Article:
Mobile apps can make use of data stored on the Internet or stored on the device. For example, consider an app that displays the latest movies currently available to watch. The list of movie titles, summary text, review comments, and related images come from a central server on the Internet.
Whether your app retrieves data stored on disk or on the Internet, it takes much longer to load than data that is in the temporary memory of the device. A computer processor can execute only one task at a time in a predefined order. If one of those tasks retrieves data from a slow channel, like the Internet, then all subsequent tasks must wait until the data comes back.
As an end user, you’d notice your computer freezing and being unresponsive during these moments. Such pauses in execution waste computer resources, since the processor is idle during these times. Moreover, it makes for a really bad user experience. Users of your app will likely complain that it’s slow and eventually they’ll become frustrated.
Luckily, we can solve this problem with a technique called asynchronous programming. Asynchronous programming enables one task to wait while other independent tasks continue to execute. Once the waiting task gets its data, it completes its execution. Furthermore, any task that needs the same data can continue its execution. The result is a better user experience and better utilization of your computer resources.
In this article, we’ll learn how to apply asynchronous programming to a Flutter app to make the experience better for users. Furthermore, we’ll explore a Flutter widget called FutureBuilder that helps us do asynchronous programming reliably with minimal code.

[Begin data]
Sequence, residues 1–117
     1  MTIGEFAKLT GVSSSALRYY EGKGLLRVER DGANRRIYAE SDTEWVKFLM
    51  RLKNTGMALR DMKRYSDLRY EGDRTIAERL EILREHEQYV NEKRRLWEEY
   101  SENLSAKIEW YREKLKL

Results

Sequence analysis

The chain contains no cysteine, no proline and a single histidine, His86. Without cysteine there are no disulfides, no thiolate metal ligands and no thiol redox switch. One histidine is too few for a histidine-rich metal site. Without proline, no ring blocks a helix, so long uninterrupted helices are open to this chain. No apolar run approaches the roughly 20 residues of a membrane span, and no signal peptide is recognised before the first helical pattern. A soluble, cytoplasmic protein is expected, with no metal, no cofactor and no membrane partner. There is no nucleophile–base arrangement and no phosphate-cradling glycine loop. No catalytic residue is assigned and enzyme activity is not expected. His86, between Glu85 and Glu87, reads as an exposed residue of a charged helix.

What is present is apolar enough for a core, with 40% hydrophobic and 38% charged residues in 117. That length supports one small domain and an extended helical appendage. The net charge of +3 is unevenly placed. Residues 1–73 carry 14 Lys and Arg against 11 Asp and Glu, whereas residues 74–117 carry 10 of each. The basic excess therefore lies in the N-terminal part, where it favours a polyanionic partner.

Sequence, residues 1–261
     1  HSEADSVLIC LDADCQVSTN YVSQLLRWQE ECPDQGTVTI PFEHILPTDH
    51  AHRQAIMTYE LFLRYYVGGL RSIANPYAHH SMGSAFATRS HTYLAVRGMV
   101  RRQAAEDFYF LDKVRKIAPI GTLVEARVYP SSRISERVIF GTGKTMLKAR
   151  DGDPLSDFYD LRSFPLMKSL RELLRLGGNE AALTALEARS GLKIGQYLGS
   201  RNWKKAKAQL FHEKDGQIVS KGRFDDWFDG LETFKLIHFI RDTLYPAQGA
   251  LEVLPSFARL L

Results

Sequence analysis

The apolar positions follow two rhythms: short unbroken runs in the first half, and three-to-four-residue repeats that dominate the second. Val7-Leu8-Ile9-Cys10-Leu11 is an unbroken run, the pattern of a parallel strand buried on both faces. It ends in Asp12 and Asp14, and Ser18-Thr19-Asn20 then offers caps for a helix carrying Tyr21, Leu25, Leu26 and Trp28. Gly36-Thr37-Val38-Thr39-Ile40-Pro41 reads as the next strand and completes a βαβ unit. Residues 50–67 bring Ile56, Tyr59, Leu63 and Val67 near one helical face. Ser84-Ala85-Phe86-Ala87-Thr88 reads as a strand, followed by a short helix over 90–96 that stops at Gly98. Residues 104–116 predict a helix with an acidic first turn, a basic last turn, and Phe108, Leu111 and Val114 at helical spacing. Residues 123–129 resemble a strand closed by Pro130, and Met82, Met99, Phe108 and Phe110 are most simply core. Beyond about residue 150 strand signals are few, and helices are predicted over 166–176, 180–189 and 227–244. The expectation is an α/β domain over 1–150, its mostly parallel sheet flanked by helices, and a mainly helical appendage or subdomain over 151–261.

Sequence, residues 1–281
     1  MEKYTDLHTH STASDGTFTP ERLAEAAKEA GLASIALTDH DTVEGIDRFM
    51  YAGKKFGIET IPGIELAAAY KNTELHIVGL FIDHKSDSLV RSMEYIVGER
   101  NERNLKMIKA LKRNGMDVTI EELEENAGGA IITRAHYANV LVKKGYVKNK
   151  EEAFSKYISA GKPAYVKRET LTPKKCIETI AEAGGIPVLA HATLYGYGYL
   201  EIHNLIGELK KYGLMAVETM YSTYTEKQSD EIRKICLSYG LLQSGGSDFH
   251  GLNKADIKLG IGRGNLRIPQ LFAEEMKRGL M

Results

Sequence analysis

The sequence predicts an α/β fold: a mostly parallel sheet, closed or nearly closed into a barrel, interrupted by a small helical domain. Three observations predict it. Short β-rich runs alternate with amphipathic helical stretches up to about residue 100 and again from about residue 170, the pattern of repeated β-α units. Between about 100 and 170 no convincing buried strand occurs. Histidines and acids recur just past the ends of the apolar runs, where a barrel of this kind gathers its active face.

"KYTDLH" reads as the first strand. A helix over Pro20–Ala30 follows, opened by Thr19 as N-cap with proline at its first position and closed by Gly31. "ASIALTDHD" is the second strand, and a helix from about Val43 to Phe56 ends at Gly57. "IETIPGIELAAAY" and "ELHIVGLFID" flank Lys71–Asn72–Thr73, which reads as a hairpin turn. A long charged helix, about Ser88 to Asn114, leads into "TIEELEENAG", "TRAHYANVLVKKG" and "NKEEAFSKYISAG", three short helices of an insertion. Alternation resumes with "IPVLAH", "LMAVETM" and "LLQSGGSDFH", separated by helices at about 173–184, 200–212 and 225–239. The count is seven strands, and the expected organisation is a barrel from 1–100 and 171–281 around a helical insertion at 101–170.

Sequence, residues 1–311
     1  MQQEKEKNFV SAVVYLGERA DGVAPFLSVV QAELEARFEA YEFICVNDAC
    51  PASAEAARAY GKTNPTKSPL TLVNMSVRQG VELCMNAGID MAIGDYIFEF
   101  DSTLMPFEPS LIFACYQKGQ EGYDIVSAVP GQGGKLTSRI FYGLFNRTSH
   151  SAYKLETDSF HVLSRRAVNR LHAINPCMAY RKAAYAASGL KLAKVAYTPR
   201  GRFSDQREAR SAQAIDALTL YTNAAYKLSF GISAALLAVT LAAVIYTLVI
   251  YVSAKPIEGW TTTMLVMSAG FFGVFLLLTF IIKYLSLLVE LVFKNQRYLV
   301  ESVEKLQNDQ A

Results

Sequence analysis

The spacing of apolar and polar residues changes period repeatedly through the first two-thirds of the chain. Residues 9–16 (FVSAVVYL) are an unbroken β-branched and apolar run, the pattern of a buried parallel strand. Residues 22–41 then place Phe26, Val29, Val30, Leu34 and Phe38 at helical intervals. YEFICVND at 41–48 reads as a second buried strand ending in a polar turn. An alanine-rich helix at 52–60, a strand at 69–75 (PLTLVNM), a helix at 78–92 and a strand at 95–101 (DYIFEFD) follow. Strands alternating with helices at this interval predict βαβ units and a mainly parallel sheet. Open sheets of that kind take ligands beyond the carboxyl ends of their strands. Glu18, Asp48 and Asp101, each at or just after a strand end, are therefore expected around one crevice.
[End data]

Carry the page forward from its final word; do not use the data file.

Async Example Without FutureBuilder
Let’s jump straight into an example. In this example, we want to display some information retrieved from the Internet. It takes a few seconds to deliver this data, so we want to show a progress indicator while waiting. When the data is available, we want to replace the progress indicator with our data from the Internet. The code below simulates a network data fetch and shows how to achieve the effect we want. We set up variables and use setState to rebuild our widget when the data from the Internet arrives.
Notice how much work was involved in tying all the pieces together to make this work. We needed to define state variables to represent the current state of the asynchronous operation. Then, we had to set completion handlers on the asynchronous operation to update those variables, while triggering setState() to rebuild the widget. Finally, we needed to link those state variables within our widget’s build function. In the next section, we’ll learn how FutureBuilder makes this much easier for us.
Async Example Using Flutter FutureBuilder
The example described above is such a common use case that the creators of Flutter have provided us with an easier solution. The Flutter framework provides a widget named FutureBuilder that allows us to do asynchronous programming in a much cleaner way, with widgets. See below for how to build the same app using FutureBuilder. Note how much cleaner and less error prone this implementation is. In the next section, we’ll explore in detail how FutureBuilder works.
In the section above we saw an example application of FutureBuilder. Let’s now learn more about what goes into making FutureBuilder work. Below are the three properties assigned in the FutureBuilder constructor to configure its behavior.
The future property assigns the Future value that will be delivered asynchronously, such as a list of movies from the Internet. Later in this section, we’ll explain in more detail what a Future is.
The builder property is of type AsyncWidgetBuilder, which is a function that takes in a BuildContext and an AsyncSnapshot and returns a Widget. Later, we’ll talk more about the AsyncSnapshot and how to use it in the builder function body.